Lake-effect rain bands

September 20th, 2006 |

MODIS true color image

Cold air advection in the wake of a secondary cold front helped to generate some well-defined lake effect rain bands over Lake Huron on 20 September (QuickTime animation of GOES-12 visible images). The cold air mass allowed daily minimum temperatures at the surface to fall into the 30s to 40s F across the Great Lakes region (getting as cold as 26 F at Hayward WI and Embarrass MN). The air temperatures aloft (850 hPa, near 5000 feet) were 0 to -3 C; as this cold air flowed over the relatively warm waters of Lake Huron (water temperatures of 15-18 C), the release of the thermal instability helped elongated cloud bands to form (generally parallel to the boundary layer wind direction. The AWIPS MODIS cloud phase product indicated that most of the lake-effect clouds were water phase clouds (blue enhancement), although it did flag portions of the longest cloud band as “mixed phase” (darker gray enhancement) where the cloud top temperatures were as cold as -12 C. With daytime surface air temperatures warming into the 50s F, the precipitation falling from these cloud bands was in the liquid form; similar cloud band features produce significant lake-effect snowfall during the colder winter months.

Fires in California

September 17th, 2006 |

MODIS true color image

The large (74,000-acre) “Day Wildfire” was still burning in the Los Padre National Forest just northwest of Los Angeles on 17 September — the MODIS true-color image (above) shows the thick plumes of smoke drifting westward. Strong offshore winds helped the fire (which had been burning since 04 September) to grow quickly and spread to the west on this particular day. A QuickTime animation of GOES-11 visible images the following day (18 September) shows that the smoke began drifting in a more northwesterly to northerly direction as the surface winds gradually shifted direction.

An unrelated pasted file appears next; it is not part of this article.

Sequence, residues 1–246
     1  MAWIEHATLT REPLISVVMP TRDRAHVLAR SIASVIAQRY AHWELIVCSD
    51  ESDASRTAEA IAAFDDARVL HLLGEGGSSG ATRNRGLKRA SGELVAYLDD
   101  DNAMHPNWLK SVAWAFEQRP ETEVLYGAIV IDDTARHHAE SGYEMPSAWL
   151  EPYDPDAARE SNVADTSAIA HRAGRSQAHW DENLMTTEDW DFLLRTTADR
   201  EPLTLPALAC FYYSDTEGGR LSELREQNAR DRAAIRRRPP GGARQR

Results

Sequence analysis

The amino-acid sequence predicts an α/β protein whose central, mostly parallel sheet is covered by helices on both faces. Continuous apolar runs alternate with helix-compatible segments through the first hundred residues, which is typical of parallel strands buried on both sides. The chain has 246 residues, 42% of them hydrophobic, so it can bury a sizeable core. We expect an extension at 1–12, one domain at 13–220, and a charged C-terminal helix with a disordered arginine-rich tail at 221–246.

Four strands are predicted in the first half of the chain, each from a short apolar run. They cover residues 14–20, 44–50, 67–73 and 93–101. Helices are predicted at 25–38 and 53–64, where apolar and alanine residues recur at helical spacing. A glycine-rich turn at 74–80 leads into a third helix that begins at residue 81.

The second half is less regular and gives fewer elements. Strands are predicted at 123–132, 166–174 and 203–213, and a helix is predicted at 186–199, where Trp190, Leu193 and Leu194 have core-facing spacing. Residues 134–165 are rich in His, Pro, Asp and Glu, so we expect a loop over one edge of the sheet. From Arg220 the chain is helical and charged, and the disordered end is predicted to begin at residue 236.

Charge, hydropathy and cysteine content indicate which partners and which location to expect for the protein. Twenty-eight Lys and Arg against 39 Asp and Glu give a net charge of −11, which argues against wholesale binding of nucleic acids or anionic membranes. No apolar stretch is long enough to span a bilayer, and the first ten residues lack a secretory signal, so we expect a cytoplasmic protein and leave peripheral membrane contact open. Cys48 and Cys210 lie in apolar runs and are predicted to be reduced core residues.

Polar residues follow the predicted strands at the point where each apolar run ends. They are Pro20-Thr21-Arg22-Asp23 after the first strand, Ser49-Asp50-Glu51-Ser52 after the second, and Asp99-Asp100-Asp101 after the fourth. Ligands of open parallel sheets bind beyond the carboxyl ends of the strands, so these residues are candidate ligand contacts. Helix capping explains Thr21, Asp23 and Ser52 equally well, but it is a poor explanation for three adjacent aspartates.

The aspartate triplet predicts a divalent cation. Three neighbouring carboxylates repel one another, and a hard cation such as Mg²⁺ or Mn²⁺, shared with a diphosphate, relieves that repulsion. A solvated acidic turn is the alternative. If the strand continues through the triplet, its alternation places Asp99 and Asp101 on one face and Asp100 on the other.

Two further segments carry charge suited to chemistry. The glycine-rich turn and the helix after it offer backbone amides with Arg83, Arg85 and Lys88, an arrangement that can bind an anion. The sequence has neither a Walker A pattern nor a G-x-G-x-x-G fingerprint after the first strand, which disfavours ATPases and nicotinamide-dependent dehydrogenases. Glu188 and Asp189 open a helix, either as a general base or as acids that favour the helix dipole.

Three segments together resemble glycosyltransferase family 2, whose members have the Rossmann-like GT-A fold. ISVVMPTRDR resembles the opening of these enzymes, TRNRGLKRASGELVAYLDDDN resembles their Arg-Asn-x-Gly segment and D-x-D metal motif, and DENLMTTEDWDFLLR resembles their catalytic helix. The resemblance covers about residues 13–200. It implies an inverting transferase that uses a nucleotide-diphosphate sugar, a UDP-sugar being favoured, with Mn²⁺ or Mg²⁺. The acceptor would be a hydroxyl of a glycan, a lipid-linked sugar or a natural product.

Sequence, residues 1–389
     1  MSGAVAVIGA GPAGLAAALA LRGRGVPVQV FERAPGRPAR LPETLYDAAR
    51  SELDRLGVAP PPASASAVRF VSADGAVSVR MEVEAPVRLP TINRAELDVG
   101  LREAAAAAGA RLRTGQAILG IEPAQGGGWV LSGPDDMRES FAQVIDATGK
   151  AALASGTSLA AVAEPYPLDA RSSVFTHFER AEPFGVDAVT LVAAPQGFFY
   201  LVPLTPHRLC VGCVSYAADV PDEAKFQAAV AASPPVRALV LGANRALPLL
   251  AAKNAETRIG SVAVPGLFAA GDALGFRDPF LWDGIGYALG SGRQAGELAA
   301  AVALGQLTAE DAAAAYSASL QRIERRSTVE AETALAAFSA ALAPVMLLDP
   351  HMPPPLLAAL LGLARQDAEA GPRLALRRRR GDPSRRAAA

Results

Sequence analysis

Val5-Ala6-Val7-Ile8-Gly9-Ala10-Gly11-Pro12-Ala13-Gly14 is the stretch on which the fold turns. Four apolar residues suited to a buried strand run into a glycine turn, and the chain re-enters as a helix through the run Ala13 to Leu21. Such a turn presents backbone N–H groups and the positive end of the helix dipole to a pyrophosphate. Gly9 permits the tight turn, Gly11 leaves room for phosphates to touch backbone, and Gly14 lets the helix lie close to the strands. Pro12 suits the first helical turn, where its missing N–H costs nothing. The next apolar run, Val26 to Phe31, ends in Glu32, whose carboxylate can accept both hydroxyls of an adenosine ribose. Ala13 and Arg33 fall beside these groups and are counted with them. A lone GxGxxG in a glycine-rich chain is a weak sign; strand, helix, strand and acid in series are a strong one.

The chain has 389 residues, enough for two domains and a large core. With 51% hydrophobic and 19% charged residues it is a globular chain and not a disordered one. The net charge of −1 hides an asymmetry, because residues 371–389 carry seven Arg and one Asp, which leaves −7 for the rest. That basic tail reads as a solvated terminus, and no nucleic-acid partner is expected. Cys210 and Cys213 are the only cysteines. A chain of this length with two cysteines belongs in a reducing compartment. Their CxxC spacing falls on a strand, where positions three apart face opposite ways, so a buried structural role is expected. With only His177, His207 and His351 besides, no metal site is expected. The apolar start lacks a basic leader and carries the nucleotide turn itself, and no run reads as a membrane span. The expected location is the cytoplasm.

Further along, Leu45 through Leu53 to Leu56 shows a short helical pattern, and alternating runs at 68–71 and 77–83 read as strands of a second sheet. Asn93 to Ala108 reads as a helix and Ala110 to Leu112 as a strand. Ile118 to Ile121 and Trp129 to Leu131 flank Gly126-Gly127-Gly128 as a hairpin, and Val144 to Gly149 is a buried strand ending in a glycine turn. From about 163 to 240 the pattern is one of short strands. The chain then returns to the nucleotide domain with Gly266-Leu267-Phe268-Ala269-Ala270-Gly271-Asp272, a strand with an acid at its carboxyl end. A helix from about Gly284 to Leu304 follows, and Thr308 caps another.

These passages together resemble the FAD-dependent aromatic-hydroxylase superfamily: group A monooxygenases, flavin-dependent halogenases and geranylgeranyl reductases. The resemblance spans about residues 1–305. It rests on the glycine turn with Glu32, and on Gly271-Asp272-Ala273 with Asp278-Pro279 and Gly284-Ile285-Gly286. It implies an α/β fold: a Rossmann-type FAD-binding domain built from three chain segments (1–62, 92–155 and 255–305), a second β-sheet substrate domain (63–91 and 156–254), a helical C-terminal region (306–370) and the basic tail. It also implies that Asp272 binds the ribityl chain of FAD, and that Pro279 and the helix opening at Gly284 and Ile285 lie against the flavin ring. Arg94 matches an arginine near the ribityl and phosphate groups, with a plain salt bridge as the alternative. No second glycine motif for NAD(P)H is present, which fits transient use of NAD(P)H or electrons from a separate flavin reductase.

Mountain wave turbulence

September 16th, 2006 |

AWIPS MODIS water vapor image
The AWIPS MODIS 6.7 micrometer “water vapor channel” image (above) depicts an excellent example of a mountain wave signature over parts of the southern and central Rocky Mountains region, as strong winds associated with a jet stream axis were interacting with the rugged terrain. Note that the corresponding MODIS visible image reveals that very few clouds were present across much of the area where the mountain waves were evident (southern Colorado and northern New Mexico). Aircraft occasionally experience moderate to severe turbulence when they encounter mountain waves — in this case, there were numerous pilot reports of turbulence (below), which included this report in the Denver area at 19,000 feet:

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DEN UUA /OV DVV 224064/TM 1931/FL190/TP E120/TB CONT MOD OCNL SEV/RM SEV MTN WV-15 SECONDS-PILOT SAID LIKE HITTING A WALL-ZDV

MODIS WV image with turbulence reports

Differential heating and lake breeze boundaries

September 15th, 2006 |

MODIS true color image

On the Terra MODIS true color image (above) an extensive cumulus field can be seen forming over the land surfaces surrounding Lake Michigan on 15 September — daytime heating along with the evaporation of abundant soil moisture (from significant precipitation on 12 September and 13 September) allowed the cumulus clouds to form quickly as the day progressed (Aqua MODIS image 3 hours later). In lower Michigan, a differential heating boundary is quite evident, where the dissipation of thick morning fog and stratus was delaying the cumulus formation; a well-defined lake breeze boundary also developed along the Lake Michigan lakeshore counties, which was quite apparent in Wisconsin and Illinois on the later Aqua MODIS image.

Two other items of interest on the MODIS true color image above: (1) the first regional sign of peak Autumn tree color is showing up in southern Ontario; note the amber color along the eastern shore of Lake Superior (closer view), and (2) farther east, the light gray features over Quebec are areas of smoke aloft, from wildfires in Ontario 1-2 days earlier.